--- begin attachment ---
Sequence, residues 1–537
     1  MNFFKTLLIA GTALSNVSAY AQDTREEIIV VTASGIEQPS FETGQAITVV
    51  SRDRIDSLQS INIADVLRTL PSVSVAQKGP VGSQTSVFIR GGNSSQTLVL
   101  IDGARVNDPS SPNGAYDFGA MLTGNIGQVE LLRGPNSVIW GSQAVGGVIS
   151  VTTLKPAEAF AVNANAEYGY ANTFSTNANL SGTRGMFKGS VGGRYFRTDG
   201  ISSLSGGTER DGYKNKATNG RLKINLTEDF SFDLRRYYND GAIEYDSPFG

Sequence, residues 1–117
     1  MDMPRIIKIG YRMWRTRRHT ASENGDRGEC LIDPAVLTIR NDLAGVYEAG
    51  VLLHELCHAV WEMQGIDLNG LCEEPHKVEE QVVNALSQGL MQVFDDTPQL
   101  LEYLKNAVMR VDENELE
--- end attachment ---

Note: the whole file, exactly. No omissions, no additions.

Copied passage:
Sequence, residues 1–537
     1  MNFFKTLLIA GTALSNVSAY AQDTREEIIV VTASGIEQPS FETGQAITVV
    51  SRDRIDSLQS INIADVLRTL PSVSVAQKGP VGSQTSVFIR GGNSSQTLVL
   101  IDGARVNDPS SPNGAYDFGA MLTGNIGQVE LLRGPNSVIW GSQAVGGVIS
   151  VTTLKPAEAF AVNANAEYGY ANTFSTNANL SGTRGMFKGS VGGRYFRTDG
   201  ISSLSGGTER DGYKNKATNG RLKINLTEDF SFDLRRYYND GAIEYDSPFG

Sequence, residues 1–117
     1  MDMPRIIKIG YRMWRTRRHT ASENGDRGEC LIDPAVLTIR NDLAGVYEAG
    51  VLLHELCHAV WEMQGIDLNG LCEEPHKVEE QVVNALSQGL MQVFDDTPQL
   101  LEYLKNAVMR VDENELE